Walgreens says its pharmacist had the right to refuse to fill pregnancy-ending medication

An Arizona woman went to her pharmacy to pick up misoprostol, but the pharmacist refused to give it to her.
June 25, 2018, 1:00pm

One day after an Arizona mom accused a Walgreens pharmacist of refusing to fill a prescription for a medication to end her failed pregnancy, the 8,000-store chain has stepped in to explain itself.

In a lengthy Facebook post published Friday, Nicole Arteaga said she was nine weeks pregnant when her doctor gave her devastating news: Her pregnancy was over. There was no fetal heartbeat. She had to remove the fetal tissue from her uterus.


Arteaga’s doctor told her that she could either undergo a surgical procedure or take the pill misoprostol, according to her Facebook post. Arteaga opted for the latter, and her doctor wrote a prescription, the New York Times reported.

But when she went to her pharmacy to pick up misoprostol, the pharmacist refused to give it to her. She wrote, “I stood at the mercy of this pharmacist explaining my situation in front of my 7-year-old, and five customers standing behind only to be denied because of his ethical beliefs.”

“I get it: We all have our beliefs,” she went on. “But what he failed to understand is this isn’t the situation I had hoped for, this isn’t something I wanted. This is something I have zero control over. He has no idea what its [sic] like to want nothing more than to carry a child to full term and be unable to do so.”

By Monday, Arteaga’s comment had garnered more than 57,000 reactions and shared nearly 35,000 times.

It also prompted a response from Walgreens, in apparent defense of the pharmacist.

“Our policy allows pharmacists to step away from filling a prescription for which they have a moral objection,” Walgreens wrote in a tweet Saturday, in response to several tweets by people outraged on Arteaga’s behalf. “At the same time, they are also required to refer the prescription to another pharmacist or manager on duty to meet the patient's needs in a timely manner.”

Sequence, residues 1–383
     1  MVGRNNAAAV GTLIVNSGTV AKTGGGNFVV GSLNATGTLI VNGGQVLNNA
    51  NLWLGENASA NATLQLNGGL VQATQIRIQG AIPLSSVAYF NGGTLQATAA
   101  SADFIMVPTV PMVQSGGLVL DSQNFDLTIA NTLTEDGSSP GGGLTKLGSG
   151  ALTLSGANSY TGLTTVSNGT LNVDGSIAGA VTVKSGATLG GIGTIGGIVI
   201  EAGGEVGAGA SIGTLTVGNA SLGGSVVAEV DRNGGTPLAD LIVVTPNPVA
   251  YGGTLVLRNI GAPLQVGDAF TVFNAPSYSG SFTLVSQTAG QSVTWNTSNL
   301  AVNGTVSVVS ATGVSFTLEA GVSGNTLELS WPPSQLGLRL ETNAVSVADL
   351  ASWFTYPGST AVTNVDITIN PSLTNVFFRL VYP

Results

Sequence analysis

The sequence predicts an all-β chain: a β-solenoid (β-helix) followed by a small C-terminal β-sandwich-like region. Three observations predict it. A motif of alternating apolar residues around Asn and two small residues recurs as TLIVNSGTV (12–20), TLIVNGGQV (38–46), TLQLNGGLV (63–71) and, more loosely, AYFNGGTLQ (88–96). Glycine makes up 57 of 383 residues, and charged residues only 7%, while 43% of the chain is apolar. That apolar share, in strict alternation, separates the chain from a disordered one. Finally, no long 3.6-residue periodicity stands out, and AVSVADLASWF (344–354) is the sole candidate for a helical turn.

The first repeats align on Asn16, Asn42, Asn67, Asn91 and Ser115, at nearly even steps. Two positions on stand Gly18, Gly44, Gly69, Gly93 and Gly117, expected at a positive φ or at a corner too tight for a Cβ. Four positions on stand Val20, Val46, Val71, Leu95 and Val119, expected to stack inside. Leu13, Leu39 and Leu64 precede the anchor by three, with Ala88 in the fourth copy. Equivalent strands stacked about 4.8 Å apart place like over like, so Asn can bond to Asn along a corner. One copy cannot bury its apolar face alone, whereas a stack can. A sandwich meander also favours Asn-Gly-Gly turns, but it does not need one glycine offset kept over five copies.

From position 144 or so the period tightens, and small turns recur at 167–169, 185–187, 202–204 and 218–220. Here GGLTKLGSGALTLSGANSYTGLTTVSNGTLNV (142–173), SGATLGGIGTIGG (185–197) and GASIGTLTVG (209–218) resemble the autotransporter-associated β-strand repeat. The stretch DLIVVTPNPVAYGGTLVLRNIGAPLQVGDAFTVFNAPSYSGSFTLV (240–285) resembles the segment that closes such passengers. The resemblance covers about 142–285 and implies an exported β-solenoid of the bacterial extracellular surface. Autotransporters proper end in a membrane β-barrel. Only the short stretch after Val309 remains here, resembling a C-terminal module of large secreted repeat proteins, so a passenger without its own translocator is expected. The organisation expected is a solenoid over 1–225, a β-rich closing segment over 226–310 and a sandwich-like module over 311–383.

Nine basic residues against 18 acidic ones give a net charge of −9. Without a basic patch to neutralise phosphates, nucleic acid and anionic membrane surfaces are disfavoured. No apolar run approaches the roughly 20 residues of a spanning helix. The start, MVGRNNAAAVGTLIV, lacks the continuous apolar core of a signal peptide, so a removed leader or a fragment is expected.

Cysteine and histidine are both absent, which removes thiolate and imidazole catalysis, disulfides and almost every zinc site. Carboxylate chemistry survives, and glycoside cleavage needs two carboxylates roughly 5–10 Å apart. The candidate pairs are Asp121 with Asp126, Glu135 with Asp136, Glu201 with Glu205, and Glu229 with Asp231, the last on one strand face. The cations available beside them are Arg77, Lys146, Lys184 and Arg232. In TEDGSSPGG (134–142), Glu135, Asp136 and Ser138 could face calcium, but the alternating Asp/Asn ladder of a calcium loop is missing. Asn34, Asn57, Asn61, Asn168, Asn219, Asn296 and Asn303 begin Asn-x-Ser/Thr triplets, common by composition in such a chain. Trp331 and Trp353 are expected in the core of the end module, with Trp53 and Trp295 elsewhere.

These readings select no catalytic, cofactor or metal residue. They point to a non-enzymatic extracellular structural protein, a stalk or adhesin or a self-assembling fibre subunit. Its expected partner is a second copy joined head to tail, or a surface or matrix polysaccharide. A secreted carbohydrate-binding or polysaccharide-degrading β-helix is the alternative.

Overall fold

In response to another tweet about Arteaga’s case, Walgreens wrote, “After learning what happened, we reached out to the patient and apologized for how the situation was handled. We are looking into the matter to ensure that our patients' needs are handled properly.”

Walgreens didn’t immediately respond to a VICE News request for further information about its interactions with Arteaga.

Arizona is one of six states that permit pharmacists to refuse to dispense emergency contraception drugs, like Plan B, according to the National Conference of State Legislatures. (Arkansas, Georgia, Idaho, Mississippi, and South Dakota are the other states.) New Jersey also allows pharmacists to refuse to dispense any drug based on moral, ethical, or religious grounds.

In an update to her initial post, Arteaga said that she ulimately filled her prescription at another Walgreens location.

“I share this story because I wish no other women have to go thru [sic] something like this at time when you are vulnerable and already suffering,” Arteaga wrote. “I am in left in disbelief on how this can happen? How is this okay?”